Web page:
We made some large Swai fillets and were disappointed at the lack of crispiness achieved before the fillets were done. Although the fish itself was done perfectly, the exterior flour coating barely stayed on the fish. After experimenting with some ideas, these few tips seemed to best help in making a crispy sautéed fish fillet.
Sauteed Swai Fish Recipe
2 Swai Fillets
4 tablespoons flour
Salt, to taste
Pepper, to taste
2 tablespoons canola oil
- eHow suggested pressing down with a knife and dragging it across the surface to lift and scrape away moisture after an initial drying with paper towels.
- Dust the fillets with the flour and wipe of any excess. This is not a battered fried fish so were just trying to keep a light coating. If the flour is clumping, your fish is still too wet and needs to be patted dry with a towel and re-floured.
- Like we do with steaks, salt and pepper the fillets when you first remove them from the fridge and as they come down to room temperature, the moisture will be drawn out ahead of their placement on the pan. Then repeat the knife scraping again before placing in the pan.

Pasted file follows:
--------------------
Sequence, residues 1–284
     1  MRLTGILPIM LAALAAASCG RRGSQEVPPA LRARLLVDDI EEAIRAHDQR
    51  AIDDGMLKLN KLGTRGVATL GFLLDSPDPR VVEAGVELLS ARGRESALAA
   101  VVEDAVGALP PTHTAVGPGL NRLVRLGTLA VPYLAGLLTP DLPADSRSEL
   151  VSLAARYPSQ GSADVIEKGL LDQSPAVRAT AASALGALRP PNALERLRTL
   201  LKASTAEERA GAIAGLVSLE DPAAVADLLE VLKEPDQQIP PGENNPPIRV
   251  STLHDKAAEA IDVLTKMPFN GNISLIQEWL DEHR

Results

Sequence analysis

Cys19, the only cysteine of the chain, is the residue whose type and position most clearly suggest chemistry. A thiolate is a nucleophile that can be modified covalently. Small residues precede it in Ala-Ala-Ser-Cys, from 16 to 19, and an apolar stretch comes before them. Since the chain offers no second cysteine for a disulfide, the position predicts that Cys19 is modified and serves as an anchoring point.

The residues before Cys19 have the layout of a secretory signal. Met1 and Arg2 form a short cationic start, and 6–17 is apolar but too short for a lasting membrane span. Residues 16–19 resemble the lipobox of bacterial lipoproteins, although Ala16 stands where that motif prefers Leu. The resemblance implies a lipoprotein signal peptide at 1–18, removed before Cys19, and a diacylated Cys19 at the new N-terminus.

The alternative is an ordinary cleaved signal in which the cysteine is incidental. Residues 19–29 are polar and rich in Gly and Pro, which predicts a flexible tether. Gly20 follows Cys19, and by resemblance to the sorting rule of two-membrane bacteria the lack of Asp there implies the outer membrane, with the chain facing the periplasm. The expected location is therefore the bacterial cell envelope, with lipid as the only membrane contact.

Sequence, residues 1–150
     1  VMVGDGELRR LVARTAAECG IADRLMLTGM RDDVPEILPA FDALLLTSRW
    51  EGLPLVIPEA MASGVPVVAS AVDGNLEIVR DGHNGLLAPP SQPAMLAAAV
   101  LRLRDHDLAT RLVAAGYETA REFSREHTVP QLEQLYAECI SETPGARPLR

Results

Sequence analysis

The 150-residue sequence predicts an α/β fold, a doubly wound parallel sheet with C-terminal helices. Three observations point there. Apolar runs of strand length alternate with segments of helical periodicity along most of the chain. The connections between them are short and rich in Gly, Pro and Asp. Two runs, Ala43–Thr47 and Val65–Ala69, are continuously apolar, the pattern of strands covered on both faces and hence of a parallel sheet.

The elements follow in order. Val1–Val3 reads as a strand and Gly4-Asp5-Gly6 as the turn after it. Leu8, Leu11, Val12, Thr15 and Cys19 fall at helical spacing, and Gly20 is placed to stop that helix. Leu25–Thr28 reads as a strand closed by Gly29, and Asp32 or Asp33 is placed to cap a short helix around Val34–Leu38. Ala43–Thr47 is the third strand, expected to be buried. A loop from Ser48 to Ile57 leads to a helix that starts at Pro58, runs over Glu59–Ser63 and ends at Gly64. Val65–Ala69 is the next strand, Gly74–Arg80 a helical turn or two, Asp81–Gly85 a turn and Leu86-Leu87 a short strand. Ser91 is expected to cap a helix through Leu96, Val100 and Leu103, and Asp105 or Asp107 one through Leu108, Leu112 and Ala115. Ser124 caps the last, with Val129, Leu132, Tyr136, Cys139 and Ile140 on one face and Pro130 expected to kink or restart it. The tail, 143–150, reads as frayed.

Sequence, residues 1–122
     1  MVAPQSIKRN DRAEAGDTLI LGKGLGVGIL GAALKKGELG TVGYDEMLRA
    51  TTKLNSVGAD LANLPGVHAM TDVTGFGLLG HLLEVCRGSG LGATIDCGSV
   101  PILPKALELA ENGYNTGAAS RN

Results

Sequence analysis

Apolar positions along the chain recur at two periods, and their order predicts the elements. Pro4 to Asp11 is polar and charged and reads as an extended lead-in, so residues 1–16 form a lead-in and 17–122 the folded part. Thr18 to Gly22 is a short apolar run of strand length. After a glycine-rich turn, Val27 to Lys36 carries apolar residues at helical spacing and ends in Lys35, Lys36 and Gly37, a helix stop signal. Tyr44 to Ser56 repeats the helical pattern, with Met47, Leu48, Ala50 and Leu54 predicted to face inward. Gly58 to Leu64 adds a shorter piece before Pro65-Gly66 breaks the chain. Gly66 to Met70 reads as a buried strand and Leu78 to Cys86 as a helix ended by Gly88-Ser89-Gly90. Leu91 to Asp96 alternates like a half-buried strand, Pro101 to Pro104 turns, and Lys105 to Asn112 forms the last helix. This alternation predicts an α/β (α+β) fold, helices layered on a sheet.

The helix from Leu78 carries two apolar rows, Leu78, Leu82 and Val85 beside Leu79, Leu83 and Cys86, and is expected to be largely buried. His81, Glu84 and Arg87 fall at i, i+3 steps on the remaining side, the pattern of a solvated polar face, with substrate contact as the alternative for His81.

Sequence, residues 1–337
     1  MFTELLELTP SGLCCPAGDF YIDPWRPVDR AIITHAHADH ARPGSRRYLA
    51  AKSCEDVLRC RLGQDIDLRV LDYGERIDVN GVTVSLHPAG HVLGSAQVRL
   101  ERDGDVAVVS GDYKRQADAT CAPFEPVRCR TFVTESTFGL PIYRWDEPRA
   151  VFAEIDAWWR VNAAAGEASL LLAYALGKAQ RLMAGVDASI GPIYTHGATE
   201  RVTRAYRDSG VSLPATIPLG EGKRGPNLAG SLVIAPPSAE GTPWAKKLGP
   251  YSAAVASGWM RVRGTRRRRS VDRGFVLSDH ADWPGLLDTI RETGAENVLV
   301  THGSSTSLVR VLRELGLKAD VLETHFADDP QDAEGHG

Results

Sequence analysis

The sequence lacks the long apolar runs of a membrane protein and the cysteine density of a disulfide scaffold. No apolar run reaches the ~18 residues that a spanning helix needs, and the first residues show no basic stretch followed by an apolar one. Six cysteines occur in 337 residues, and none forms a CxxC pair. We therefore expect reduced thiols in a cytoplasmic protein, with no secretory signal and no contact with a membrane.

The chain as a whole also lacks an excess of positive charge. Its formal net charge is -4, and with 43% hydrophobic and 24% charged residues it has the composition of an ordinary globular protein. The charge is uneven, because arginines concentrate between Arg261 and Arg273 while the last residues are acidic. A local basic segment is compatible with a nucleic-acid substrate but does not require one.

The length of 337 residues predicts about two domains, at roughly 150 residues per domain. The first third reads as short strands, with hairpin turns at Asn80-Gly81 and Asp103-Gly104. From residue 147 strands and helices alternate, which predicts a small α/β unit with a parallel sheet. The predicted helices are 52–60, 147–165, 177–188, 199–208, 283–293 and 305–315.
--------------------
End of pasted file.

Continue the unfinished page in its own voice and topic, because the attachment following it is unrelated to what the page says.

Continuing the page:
- Use as little oil as you can, but enough to maintain good fish to pan contact. Oil is a conductor and will enable even browning of the fillet. Harold McGee has pointed out that ‘as little as a half-teaspoon of oil will coat a medium sauté pan.’ Since we are using flour, a little more oil is needed to compensate for what will be absorbed into the flour to crisp the fillet.
- When you remove the piece of fish make sure you rest it skin side up or else the juices will flow down and make the skin soggy.’
When you buy the fillets, I like the tail cuts. Many will say to avoid these because the fillet will cook unevenly, but I like to get the extra crispy tail end along with flaky thicker portion.
What is Swai anyway? Swai (Pangasius hypophthalmus) is a fish with delicate texture and white flesh. It takes about 4-5 minutes to cook them to an internal temperature of 145º. Another fish called Basa is interchangeable for Swai and you will usually find more Asian style Basa recipes. Ok, so what is Tilapia? Tilapia is the common name for over a hundred species of freshwater fish belonging to the family Cichlidae. Cook this to an internal temperature of 155º. Its lower in calories but higher in cholesterol than Swai.